The OEM company who makes these computers is CWWK. Similar computers can be found with the Topton brand name. There's no logo or name on the box itself which to me is fine - brand names are not important to me for many tech products so long as performance, build quality and reliability (which can only be determined over time) are adequate.

Sunday 4 February 2024

Computer Parts: Marvell AQC113C 10GbE network card (QFly NIC-10G), PCIe x4 riser, and 7-port USB3 PCIe x1 Card.

Over the years, I've written about transitioning to faster ethernet here at home with standard copper 10GBASE-T (10GbE) cabling, beginning back in 2018. This works fine even with Cat-5e in the walls of my home (although some renovations use Cat-6). More recently, my home network was upgraded to 2.5GbE for any device that can benefit, with standard 1 gigabit/s fallback.

Last month, I needed another 10GbE network interface card (NIC) and noticed that we're now seeing inexpensive Marvell mGig AQC113C NICs available, upgrades from the AQC107 cards I have been using. So I grabbed a QFly NIC-10G (~US$75) to try out. There are other similar products like the NICGIGA (very unfortunate name).

The card offers 10G/5G/2.5/1GbE speeds and below (100/10Mbps) for compatibility. The new chip operates at only 4W running 10G speed (I believe the AQC107 is estimated at ~6W) making it even cooler-running for heavy loads.

Saturday 27 January 2024

Cautionary Tale: Audiophile's dream's end... Make sure to find balance, audiophiles.

 I remember a couple of years ago, I saw this YouTube documentary on Ken Fritz:

That is certainly an impressive demonstration of dedication and passion poured into the sound room and audio system! Few would have such tenacity, disposable financial resources, or apparent family support. Admittedly, I wondered while watching that video just how well those massive DIY speakers integrated into the room and what measurements would have told us about frequency response and time-domain performance. There's a low resolution frequency response graph here. Yeah, I'm sure the system could play loud with 35,000W* of amplification.

And 2 years later, sadly, the final chapter of the life story was published a few weeks back:

I guess we'll never know exactly how that system sounded like now that everything has been taken apart. What looks like 27 years of labor and $1M original price was dismantled and sold off for $157k total in a comparatively short time. Clearly, neither the family nor the new home buyers had need for the extravagant system in the large room. The dead might at best influence, but cannot declare the will of the living.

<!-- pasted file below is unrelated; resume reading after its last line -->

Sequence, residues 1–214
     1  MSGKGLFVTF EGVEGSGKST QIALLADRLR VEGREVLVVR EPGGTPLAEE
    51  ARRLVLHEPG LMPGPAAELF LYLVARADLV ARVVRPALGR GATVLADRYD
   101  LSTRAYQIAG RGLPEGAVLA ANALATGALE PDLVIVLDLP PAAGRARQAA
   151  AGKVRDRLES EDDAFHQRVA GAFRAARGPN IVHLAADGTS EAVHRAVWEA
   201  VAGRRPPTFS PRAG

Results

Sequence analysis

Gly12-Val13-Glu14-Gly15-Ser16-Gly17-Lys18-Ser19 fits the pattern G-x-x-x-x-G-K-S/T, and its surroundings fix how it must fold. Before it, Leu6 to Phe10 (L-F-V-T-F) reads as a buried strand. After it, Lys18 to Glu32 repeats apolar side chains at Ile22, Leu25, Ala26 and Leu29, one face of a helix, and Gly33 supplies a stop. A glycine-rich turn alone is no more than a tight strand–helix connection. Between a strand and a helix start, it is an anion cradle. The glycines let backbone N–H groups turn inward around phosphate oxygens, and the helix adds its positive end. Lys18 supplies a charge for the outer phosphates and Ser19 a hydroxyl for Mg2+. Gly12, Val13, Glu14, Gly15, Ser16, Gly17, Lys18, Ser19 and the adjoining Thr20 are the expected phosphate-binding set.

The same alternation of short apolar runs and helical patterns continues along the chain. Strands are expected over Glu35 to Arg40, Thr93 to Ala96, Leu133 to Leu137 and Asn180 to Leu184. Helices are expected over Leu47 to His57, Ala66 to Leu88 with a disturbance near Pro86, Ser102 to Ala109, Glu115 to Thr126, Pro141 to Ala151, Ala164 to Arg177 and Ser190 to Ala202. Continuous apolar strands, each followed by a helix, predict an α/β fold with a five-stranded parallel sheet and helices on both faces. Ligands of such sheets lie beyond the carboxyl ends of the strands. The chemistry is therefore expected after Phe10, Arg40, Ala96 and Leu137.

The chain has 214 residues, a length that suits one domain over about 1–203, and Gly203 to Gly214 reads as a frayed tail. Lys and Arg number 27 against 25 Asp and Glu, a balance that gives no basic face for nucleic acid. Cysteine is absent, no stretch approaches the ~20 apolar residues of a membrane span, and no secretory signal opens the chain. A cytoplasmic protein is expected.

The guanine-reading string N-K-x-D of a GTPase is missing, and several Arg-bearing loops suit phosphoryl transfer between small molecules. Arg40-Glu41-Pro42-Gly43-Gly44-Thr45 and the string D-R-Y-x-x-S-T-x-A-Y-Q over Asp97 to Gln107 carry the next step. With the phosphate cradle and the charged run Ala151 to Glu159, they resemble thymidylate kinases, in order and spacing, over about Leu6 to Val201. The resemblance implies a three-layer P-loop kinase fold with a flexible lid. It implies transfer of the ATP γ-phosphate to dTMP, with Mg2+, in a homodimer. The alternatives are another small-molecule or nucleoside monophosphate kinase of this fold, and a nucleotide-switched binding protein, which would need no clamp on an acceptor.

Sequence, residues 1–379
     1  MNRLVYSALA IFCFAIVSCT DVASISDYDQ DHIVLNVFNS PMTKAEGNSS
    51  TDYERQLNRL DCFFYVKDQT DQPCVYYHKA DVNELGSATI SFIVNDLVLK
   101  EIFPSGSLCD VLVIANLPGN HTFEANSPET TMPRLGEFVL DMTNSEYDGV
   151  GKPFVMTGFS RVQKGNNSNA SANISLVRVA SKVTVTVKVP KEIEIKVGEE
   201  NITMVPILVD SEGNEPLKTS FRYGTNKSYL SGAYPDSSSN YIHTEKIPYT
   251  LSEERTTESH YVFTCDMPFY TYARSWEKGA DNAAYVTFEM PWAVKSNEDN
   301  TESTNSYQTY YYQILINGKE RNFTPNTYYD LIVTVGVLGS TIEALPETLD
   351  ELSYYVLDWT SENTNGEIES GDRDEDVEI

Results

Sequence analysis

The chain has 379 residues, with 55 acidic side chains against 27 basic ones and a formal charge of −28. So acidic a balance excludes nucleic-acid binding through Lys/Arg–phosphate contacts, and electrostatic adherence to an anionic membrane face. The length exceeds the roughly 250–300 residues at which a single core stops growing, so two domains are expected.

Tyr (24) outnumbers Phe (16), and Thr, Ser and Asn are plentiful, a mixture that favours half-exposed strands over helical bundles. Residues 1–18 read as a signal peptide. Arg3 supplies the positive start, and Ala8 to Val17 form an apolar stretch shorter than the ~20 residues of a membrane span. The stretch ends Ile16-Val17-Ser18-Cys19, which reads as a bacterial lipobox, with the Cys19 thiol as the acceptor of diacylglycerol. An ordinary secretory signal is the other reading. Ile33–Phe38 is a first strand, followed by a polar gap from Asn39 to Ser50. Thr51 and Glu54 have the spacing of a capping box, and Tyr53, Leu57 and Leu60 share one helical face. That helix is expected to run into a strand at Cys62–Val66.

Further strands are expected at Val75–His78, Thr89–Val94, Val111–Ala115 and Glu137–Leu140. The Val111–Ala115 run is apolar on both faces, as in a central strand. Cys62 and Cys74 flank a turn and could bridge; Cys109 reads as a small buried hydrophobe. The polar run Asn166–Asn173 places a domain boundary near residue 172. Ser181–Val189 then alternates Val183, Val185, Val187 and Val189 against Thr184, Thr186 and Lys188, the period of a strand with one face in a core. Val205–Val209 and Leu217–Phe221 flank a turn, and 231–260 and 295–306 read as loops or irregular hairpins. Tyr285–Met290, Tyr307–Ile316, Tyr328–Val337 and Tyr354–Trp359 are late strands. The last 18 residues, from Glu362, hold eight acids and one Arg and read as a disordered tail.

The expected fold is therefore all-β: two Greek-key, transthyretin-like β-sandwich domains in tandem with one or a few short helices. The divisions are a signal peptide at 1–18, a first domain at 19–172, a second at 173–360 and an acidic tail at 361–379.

Here's a detailed description and list of components. Obviously, audio/music items are generally not investment vehicles unless it's attached to someone very special (like maybe say Hendrix's guitar amp). These things we talk about are for the consumption of music primarily. The non-investable nature of these products is especially true of DIY items given that the quality of such items are unknown even if the bits and pieces like speaker drivers could be from a reputable brand. Over time as components degrade, it could be difficult performing repairs on non-standard builds.

Saturday 20 January 2024

On Stereophile's "Dolby Atmos: A Bleak Shadow?" - really? ðŸĪ”

I saw Stereophile's "Dolby Atmos: a Bleak Shadow?" article the other day. Honestly, I found it a bit irritating. The ideas seemed poorly contextualized with little background or meaning for what I imagine would be the average audiophile reader. It basically consisted of hearsay-level cherry-picked concerns as if these are significant (including that title).

Let's be clear about this. It's not like any of us must or even should love Atmos or multichannel. We can easily get through a lifetime of music enjoyment with 2-channels. Even though I like and even prefer multichannel/Atmos for many of my albums, it's just an option for those like myself who want to explore the surround-sound music experience as a superset of modern audio reproduction technology. Some artists and audio engineers these days are also exploring the extensive flexibility and ways to best create the mix. So if a traditional audiophile magazine believes that staying at 2-channels is all that's needed, well that's fine. But one doesn't have to write articles that seem to be trying to induce some kind of emotional response, stirring intrigue or concern even in just that title. (These days, sound bites and headline titles might be all that many pay attention to.)